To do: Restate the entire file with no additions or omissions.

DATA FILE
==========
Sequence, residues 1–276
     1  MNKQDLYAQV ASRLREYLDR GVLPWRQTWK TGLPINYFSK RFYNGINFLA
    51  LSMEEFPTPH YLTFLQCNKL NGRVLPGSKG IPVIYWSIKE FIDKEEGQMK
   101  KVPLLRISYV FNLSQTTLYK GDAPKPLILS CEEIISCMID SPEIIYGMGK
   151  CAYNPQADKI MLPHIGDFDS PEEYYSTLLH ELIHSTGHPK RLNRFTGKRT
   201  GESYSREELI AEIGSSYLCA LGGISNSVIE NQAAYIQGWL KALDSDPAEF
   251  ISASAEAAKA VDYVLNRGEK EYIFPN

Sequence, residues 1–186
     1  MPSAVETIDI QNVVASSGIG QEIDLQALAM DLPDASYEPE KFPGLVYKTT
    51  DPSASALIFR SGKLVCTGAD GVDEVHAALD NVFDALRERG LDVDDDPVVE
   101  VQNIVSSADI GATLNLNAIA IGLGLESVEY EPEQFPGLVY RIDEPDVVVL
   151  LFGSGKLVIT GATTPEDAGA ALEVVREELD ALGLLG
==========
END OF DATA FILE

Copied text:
Sequence, residues 1–276
     1  MNKQDLYAQV ASRLREYLDR GVLPWRQTWK TGLPINYFSK RFYNGINFLA
    51  LSMEEFPTPH YLTFLQCNKL NGRVLPGSKG IPVIYWSIKE FIDKEEGQMK
   101  KVPLLRISYV FNLSQTTLYK GDAPKPLILS CEEIISCMID SPEIIYGMGK
   151  CAYNPQADKI MLPHIGDFDS PEEYYSTLLH ELIHSTGHPK RLNRFTGKRT
   201  GESYSREELI AEIGSSYLCA LGGISNSVIE NQAAYIQGWL KALDSDPAEF
   251  ISASAEAAKA VDYVLNRGEK EYIFPN

Sequence, residues 1–186
     1  MPSAVETIDI QNVVASSGIG QEIDLQALAM DLPDASYEPE KFPGLVYKTT
    51  DPSASALIFR SGKLVCTGAD GVDEVHAALD NVFDALRERG LDVDDDPVVE
   101  VQNIVSSADI GATLNLNAIA IGLGLESVEY EPEQFPGLVY RIDEPDVVVL
   151  LFGSGKLVIT GATTPEDAGA ALEVVREELD ALGLLG